Big Help

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People like to shop in bright, uncluttered and attractively merchandised stores. Acknowledging this, Brendan Reilly, owner of the Pool & Spa House, gave his three locations in the greater Portland, Ore., area a new look when he added BioGuard Store Within A Store (SWAS) shelving and signage in 2004. "It gives your store a very professional retail look," he says. "In my mind, it lets us start to compete with really top-notch retailers. When I come into our stores that have been decked out and done with their shelving, it's like walking into a Starbucks store — everything is a certain way. It has a certain look to it, it's very consistent, it's very upscale."

Before integrating the SWAS shelving, Reilly was concerned about the upfront cost. "We really struggled with it. Financially, it didn't make sense for us to do, but finally I decided to do it for two reasons: No. 1, customers walking in the door just expect a nicer-looking store because they're getting that when they go to the mall and other places they shop. That's what they expect, so you have to provide that.

"Also, our staff wanted to see that our stores were becoming more professional, that we were growing, and that we were moving into being a more upscale retailer. And when we finally put all the shelving and signage in the stores, it made a huge difference in staff morale. It was incredible, just amazing. Our staff felt better about themselves and their jobs, so productivity was higher, and there was a better atmosphere in the stores, which resulted in more sales. I really didn't think we were going to recoup our investment, but in the end we did."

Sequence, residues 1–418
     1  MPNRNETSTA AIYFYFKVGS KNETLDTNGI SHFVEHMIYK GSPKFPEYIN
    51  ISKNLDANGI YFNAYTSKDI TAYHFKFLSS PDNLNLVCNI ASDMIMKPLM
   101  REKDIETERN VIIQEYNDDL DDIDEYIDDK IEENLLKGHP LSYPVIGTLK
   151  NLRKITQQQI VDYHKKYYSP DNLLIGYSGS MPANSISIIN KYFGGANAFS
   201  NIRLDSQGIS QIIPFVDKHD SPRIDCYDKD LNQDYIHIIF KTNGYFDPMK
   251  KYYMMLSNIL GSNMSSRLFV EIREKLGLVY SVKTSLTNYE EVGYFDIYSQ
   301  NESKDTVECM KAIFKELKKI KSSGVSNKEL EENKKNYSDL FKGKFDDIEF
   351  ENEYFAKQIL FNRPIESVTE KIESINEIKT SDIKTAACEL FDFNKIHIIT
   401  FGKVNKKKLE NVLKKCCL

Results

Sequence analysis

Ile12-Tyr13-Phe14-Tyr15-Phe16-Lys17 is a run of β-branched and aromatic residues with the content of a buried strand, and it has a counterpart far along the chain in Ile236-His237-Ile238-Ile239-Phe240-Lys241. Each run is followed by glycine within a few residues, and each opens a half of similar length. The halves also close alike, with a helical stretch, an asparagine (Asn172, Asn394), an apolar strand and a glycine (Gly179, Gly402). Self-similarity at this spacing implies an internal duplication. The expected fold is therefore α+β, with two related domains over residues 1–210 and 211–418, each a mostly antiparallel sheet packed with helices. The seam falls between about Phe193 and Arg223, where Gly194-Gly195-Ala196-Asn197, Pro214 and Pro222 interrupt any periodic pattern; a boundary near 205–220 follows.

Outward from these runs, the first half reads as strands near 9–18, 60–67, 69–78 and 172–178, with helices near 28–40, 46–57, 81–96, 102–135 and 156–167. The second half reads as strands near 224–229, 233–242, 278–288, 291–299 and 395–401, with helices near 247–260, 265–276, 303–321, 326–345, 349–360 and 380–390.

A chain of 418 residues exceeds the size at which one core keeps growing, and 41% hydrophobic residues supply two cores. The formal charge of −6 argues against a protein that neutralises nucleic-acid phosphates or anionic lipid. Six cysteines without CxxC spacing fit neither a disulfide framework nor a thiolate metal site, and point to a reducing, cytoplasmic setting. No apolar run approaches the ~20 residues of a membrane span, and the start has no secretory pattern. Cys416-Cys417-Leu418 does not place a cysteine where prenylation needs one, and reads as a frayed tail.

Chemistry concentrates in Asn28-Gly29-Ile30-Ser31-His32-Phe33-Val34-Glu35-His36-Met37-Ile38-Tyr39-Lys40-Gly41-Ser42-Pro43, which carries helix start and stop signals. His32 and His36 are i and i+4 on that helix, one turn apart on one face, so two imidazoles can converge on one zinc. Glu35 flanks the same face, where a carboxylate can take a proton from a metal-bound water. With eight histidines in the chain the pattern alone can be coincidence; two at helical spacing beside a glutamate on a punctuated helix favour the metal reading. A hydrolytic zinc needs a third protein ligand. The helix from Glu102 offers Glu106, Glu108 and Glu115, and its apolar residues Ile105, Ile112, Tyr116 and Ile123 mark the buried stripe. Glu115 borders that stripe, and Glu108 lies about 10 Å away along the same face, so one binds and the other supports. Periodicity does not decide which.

BioGuard's Store Within A Store is just one of many support programs that it and other chemical suppliers offer their dealers. Arch Chemicals, for instance, also provides its dealers with an array of temporary and permanent product displays for its chemicals, says director of sales Buck Hall, who believes it's important to keep retail stores inviting. "Look at your major retailers: Why do they change those up periodically, move things around and upgrade. If it works today, why not just keep it that way. That's not what they do. Merchandising is a live thing. You upgrade and update and change things around all the time."

To help its dealers establish and maintain attractive stores and generate additional revenue at the same time, BioGuard introduced its Backyard Essentials line a few years ago. Reilly has taken advantage of this, as well. "We do lots and lots of candles, and carry backyard art and fountains," he says. "Those products are not a huge chunk of our income stream, but it's a nice addition. Plus, it makes the stores look more complete. There's more for the customer to look at when they're in the store, so it keeps them in the store longer, which is nice. And again, for the employees, it gives them a little diversity — there's some fun stuff to sell."